Here the receiver is running a "comeback" route. This is a route that breaks to the sideline and back to the line of scrimmage at a 45 degree angle. The receiver gives a jab inside to help get the outside release he wants. The corner tries to place his backside hand on the WR as he releases, but the receiver quickly swats it down and climbs vertical. They're both doing a very good technique job until the top of the route where Story becomes impatient and tries to get out of his break too soon. This causes him to get his feet too wide instead of being underneath his hips. Nine times out of 10 when a receiver slips on a route like this, it is for this very reason. His technique slows him down and allows for Purifoy, who is in great position, to take advantage and make a great break on a ball that was poorly thrown.
8th Rep: Trey Burton vs. Jabari Gorman
This is another "dig" route. The difference in this dig route from the previous one is the defender's technique. Now a safety is in outside leverage, off man coverage. This means that the inside, where the route is going to break, is where the safety is most vulnerable. Burton does a great job of pushing vertical so that the Safety doesn't know which way he will break. He gets in and out of his break quickly so the safety has almost no chance of making a play.
9th Rep: Hammond Jr. vs. Chris Johnson
Yet again, here is another "speed out" - a staple of pro-style offensive schemes. This time it is versus soft man coverage. Here Hammond Jr. pushes vertical so that Johnson will either back pedal or stay flat footed. As the defender is at 10 yards or so depth and the speed out breaks at around five-yards, the receiver needs to do nothing more than make sure he doesn't tip the route and it should be an easy completion. However the defender does an excellent job in coverage and drives through the hip of the receiver to tag him, which amounts to tackling him, for just the completion yardage and no more.
10th Rep: Stephen Alli vs. Roberson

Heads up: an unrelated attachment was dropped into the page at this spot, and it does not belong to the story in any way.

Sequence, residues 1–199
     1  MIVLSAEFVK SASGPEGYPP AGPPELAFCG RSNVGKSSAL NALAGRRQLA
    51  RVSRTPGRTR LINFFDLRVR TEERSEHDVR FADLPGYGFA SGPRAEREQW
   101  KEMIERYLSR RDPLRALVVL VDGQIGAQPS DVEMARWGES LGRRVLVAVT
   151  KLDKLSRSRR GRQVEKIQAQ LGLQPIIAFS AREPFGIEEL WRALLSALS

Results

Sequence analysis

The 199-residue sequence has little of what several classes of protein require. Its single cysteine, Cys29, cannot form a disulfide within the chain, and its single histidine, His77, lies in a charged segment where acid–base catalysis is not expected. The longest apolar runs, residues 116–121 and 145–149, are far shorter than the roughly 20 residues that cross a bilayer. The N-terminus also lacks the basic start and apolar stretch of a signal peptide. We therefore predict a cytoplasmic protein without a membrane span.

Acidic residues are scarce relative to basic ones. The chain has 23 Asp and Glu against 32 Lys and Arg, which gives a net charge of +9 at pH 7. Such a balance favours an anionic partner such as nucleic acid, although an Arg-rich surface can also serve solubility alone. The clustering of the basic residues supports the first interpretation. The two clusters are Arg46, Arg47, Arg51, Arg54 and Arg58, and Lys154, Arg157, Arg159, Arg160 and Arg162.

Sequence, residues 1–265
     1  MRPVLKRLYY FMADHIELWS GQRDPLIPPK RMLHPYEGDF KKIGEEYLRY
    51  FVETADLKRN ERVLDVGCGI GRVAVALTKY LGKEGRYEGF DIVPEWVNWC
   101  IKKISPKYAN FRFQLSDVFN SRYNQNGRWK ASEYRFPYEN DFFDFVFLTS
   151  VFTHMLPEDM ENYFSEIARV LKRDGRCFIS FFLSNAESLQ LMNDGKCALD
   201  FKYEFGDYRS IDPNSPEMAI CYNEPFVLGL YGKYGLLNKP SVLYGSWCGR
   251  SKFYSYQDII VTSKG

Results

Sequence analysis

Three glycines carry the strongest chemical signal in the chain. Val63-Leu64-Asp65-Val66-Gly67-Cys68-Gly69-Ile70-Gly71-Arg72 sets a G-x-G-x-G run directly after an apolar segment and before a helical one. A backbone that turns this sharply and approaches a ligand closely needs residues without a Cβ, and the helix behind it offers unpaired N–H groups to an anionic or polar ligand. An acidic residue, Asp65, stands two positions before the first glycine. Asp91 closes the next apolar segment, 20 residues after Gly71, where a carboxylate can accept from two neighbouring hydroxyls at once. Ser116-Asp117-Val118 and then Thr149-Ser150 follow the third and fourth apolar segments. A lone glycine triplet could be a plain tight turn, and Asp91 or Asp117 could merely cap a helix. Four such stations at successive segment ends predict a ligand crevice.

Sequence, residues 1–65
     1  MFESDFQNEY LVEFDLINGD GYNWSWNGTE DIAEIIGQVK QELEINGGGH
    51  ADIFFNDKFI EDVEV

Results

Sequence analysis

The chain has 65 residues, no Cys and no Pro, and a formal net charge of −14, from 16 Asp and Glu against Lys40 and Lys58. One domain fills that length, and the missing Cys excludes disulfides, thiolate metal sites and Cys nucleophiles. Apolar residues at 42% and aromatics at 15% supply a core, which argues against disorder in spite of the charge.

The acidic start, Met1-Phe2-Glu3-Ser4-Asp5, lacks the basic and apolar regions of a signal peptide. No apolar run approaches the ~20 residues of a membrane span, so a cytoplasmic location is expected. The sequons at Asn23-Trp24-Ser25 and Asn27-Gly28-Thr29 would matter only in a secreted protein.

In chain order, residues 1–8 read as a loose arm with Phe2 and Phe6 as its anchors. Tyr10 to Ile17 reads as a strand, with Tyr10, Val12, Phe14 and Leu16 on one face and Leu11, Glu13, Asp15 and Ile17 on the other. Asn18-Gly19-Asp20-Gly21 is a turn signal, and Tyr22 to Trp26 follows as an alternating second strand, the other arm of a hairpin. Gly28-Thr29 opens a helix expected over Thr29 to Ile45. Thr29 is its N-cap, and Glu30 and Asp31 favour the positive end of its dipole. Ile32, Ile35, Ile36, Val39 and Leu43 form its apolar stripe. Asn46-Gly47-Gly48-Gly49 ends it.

This is another "dig" route. This time the defensive back does a good job being physical at the line of scrimmage, but he gets beat to the inside which is a big problem. However he does a great job trailing the near hip and reading the receiver's break. This allows him to jump the route and make a big play.
11th Rep: Chris Rainey vs. Matt Elam
Here is a "corner" route with a smaller, quicker player going one-on-one against a much bigger defender. Rainey is working against off man coverage. He climbs vertical and breaks to the corner. The defender does a great job taking a great angle and undercutting the route to get the pass break up. Part of it is because the ball was a little under-thrown and should have been over the up field shoulder of the receiver.
12th Rep: Hammond Jr. vs. De'Ante Saunders
Another "speed out" versus soft man coverage. The receiver climbs vertical to hold the defender then slams his left foot into the ground and explodes out away from the defender for an easy completion.
13th Rep: Dunbar vs. Brown
This is just a simple "go" route from the slot position. Dunbar gets a clean release and does a good job getting to his landmark which is the blue line running down the field a few yards from the sideline. The defender does a good job pursuing the inside hip, but is outmatched in speed. The quarterback throws the ball over the outside shoulder, where it should be, but he simply just over throws the receiver. In a coaches mind, though you would love to see the completion for a big gain, if you are going to miss, this is a very acceptable miss as you want your guys to miss away from the defender so that there is a chance for a completion or incompletion, but no chance for an interception.
Michael Digman was a Division II quarterback before being a student assistant for the quarterbacks at the University of Missouri. He has made stops at several high school and college programs, including working the quarterbacks at the University at Buffalo under current Kansas head coach Turner Gill. Along the way, he has also worked with distinguished coaches such as Chicago Bears offensive coordinator Mike Martz and new Texas Longhorns offensive coordinator Bryan Harsin.